Մատչելիության հղումներ

(Saturday, November 26)

“Hraparak” ridicules claims by the ruling Republican Party of Armenia (HHK) that as many as 7,000 people have decided to follow Prime Minister Karen Karapetian’s example and join the HHK. “Clearly, the purpose [of the claims] is to put psychological pressure on the public and voters and create a legend about the HHK’s power and army of followers which is very far from reality,” writes the paper. It says that the HHK is thus telling Armenians that it cannot be removed from power. “It’s a pity that opposition spin doctors are not just as strong and cannot counter this tactic and debunk the Republican myth.”

“Zhamanak” comments on utility regulators’ decision on Friday to cut the retail prices of natural gas in Armenia. The paper speculates that the move may be aimed at offsetting what it calls a negative public reaction to Karapetian’s decision to join the HHK. “The publicly undoubtedly had no great expectations from the work of the prime minister because it is well aware that he is not the main decision maker,” it says. “Therefore his membership in the HHK will not have an in-depth impact on the situation and will hardly affect public opinion in a way that could be fateful for Karen Karapetian.”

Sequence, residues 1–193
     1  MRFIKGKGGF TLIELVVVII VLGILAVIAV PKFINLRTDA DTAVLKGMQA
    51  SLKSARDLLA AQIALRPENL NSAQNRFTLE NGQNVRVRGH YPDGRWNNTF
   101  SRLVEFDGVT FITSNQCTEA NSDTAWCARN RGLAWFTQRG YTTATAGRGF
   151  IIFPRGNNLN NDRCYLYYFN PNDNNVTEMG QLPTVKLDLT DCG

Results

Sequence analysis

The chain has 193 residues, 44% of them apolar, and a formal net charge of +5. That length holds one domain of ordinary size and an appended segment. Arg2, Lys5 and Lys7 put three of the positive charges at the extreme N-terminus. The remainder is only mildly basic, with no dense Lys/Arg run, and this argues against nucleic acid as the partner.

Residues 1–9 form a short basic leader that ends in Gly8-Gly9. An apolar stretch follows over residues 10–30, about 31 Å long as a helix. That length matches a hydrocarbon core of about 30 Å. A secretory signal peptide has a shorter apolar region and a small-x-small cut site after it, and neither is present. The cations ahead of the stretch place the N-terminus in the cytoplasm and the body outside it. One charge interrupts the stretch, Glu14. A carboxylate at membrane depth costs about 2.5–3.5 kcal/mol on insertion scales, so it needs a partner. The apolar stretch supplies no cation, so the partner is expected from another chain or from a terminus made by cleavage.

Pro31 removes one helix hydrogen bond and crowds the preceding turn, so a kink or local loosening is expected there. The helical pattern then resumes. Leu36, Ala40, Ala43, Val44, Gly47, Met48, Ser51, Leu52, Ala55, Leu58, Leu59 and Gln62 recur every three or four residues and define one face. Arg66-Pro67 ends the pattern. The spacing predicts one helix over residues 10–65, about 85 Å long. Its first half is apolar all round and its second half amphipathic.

“Zhoghovurd” reports on Sarkisian’s recent interview with Russian state television in which he admitted that the Armenian side was ready, in principle, to withdraw from all seven districts around Nagorno-Karabakh full or partly controlled by it. The president said that Armenia and Azerbaijan were close to signing such a peace deal on a number of occasions. He also implied that Yerevan remains committed to resuming negotiations with Baku on this peace formula. “Thus Sarkisian once again made clear that the Armenian side is ready for a Karabakh settlement requiring the surrender of all seven districts,” concludes the paper.

“Haykakan Zhamanak” says that in its budget proposal submitted to parliament the Armenian government failed to clearly explain the sources of extra tax revenue which it expects to collect next year. The paper claims that the State Revenue Committee (SRC) will be forcing businesses to inflate wages paid by them and thereby pay more employee income taxes. “In theory, this could temporarily increase budgetary revenues,” it says. “But in the longer run, it will lead to higher unemployment and a reduction in the number of those who pay income tax.”

(Tigran Avetisian)

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